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  1. #91
    Senior Member ThinkingAboutIt's Avatar
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    Quote Originally Posted by Blank View Post
    See? I find this verse entirely pointless. God has the power to easily disband the "devil" and chooses not to do it. If God were really all-loving, wouldn't God be compelled to save its creatures?
    Yes, He does have the power to destroy the devil, and He will, his end is very clear in the bible. But, destroying him does not change the fact that when Adam and Eve chose to rebel against God, sin entered them and all humanity born of them. It corrupted their nature as well as that of every human being born thereafter, with the exception of Jesus Christ.

    Sin = separation from God = lost. We are born lost, condemned already. That is something people don't realize - they stand condemned right this moment if they are not saved. Final judgement and eternity in hell is only an end result of this and the choice to not be saved.

    Being lost is not a matter of 'conduct' but rather a condition of the heart. A change of behavior for the better will not alter our sin nature. What is necessary is a transformation of the heart.

    Salvation is simple: Jesus + nothing = salvation. Can't earn it because it is a free gift, and because it is a free gift paid by Jesus, you can't lose it by anything you do.

    My sheep hear my voice, and I know them, and they follow me: And I give unto them eternal life; and they shall never perish, neither shall any [man] pluck them out of my hand. My Father, which gave [them] me, is greater than all; and no [man] is able to pluck [them] out of my Father's hand.

    God wants a relationship with us. He loves us and has a ton of great things in store for every one of us, and wants to do great things through us. Transformation of the heart can only happen when we are saved because once we are saved, we are no longer under the power and condemnation of sin. At the moment of salvation, the Holy Spirit seals us, lives inside us, and guides us in everything. Not takes over us, guides; we do not become robots, we still make our own choices, but we are given the mind of Christ, convicted of any future sin so we can repent (if we don't, we tend to move away from God out of guilt, not vice versa), and are literally changed into a new person. It happens over time, though many people do a 180 in life and it is very noticeable, and you remember when you got saved because your outlook and view of things really does change a lot. And, most importantly, and freeing of all is that salvation is permanent - nothing and no one can take us from Almighty God.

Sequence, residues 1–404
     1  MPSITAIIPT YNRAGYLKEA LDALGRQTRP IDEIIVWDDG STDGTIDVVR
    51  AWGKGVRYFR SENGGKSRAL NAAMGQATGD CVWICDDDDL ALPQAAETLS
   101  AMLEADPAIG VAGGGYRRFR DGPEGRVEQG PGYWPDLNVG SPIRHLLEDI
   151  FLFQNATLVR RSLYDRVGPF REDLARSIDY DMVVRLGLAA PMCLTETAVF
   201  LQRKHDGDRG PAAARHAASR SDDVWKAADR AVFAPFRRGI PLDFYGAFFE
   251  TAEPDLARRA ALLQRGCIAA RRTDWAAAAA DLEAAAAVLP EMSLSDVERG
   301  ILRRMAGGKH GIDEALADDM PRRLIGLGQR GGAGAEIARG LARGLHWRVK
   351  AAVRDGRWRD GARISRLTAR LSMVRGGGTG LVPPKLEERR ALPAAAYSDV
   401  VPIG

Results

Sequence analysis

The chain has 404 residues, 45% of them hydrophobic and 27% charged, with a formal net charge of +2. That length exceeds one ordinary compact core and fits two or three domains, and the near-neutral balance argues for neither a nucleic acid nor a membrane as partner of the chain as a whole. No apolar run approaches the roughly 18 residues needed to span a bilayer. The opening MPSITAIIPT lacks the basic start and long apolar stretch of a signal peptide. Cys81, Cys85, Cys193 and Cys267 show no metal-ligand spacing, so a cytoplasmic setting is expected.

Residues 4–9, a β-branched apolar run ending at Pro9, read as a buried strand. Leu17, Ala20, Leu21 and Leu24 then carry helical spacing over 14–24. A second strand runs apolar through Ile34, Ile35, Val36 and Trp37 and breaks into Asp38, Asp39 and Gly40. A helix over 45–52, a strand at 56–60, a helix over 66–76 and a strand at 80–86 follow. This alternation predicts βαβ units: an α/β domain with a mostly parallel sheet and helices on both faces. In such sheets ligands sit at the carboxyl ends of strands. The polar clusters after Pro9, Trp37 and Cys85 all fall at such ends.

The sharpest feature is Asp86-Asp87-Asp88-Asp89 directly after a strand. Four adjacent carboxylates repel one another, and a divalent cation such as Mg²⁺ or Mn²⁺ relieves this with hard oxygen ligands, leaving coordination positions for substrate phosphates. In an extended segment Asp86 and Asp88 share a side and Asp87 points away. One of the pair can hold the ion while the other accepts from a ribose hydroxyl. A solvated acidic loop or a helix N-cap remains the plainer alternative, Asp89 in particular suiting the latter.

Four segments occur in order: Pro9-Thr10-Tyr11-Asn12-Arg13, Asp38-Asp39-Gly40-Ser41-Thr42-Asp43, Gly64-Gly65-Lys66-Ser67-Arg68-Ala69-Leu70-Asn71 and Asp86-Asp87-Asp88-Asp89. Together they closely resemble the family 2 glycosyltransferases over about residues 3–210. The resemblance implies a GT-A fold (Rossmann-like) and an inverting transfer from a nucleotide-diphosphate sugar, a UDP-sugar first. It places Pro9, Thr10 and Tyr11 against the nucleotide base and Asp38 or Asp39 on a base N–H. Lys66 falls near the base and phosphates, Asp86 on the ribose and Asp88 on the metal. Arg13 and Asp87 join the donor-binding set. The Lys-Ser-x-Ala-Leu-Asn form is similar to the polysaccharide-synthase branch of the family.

God's attitude toward the lost is one of love and patience. 2 Peter 3:9 tells us that His desire is that no one perish but that all come to repentance, and He provided a way for us to do that. He also allows those that do not want a relationship with Him their choice.
    Just because you can doesn't mean you should.

  2. #92
    Boring old fossil Night's Avatar
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    Quote Originally Posted by Qre:us View Post